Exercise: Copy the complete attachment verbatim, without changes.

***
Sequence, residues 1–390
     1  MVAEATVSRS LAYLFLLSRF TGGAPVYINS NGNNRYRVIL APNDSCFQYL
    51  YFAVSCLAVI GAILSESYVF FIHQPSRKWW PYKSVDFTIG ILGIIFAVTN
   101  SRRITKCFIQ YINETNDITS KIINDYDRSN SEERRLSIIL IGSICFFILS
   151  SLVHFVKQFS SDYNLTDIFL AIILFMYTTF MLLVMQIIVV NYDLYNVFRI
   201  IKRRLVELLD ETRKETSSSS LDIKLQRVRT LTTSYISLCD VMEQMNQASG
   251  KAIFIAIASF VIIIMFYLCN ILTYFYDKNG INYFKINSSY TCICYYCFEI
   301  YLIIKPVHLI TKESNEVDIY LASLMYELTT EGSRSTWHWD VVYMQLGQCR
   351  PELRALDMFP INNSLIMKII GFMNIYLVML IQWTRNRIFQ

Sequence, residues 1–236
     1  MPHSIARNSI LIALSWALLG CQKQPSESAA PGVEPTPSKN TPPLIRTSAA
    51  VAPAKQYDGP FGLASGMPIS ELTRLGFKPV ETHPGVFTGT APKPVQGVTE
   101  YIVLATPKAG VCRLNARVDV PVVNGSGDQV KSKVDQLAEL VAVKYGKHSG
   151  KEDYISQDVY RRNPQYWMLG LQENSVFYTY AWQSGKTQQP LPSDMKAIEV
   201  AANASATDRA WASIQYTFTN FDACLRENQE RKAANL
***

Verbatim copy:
Sequence, residues 1–390
     1  MVAEATVSRS LAYLFLLSRF TGGAPVYINS NGNNRYRVIL APNDSCFQYL
    51  YFAVSCLAVI GAILSESYVF FIHQPSRKWW PYKSVDFTIG ILGIIFAVTN
   101  SRRITKCFIQ YINETNDITS KIINDYDRSN SEERRLSIIL IGSICFFILS
   151  SLVHFVKQFS SDYNLTDIFL AIILFMYTTF MLLVMQIIVV NYDLYNVFRI
   201  IKRRLVELLD ETRKETSSSS LDIKLQRVRT LTTSYISLCD VMEQMNQASG
   251  KAIFIAIASF VIIIMFYLCN ILTYFYDKNG INYFKINSSY TCICYYCFEI
   301  YLIIKPVHLI TKESNEVDIY LASLMYELTT EGSRSTWHWD VVYMQLGQCR
   351  PELRALDMFP INNSLIMKII GFMNIYLVML IQWTRNRIFQ

Sequence, residues 1–236
     1  MPHSIARNSI LIALSWALLG CQKQPSESAA PGVEPTPSKN TPPLIRTSAA
    51  VAPAKQYDGP FGLASGMPIS ELTRLGFKPV ETHPGVFTGT APKPVQGVTE
   101  YIVLATPKAG VCRLNARVDV PVVNGSGDQV KSKVDQLAEL VAVKYGKHSG
   151  KEDYISQDVY RRNPQYWMLG LQENSVFYTY AWQSGKTQQP LPSDMKAIEV
   201  AANASATDRA WASIQYTFTN FDACLRENQE RKAANL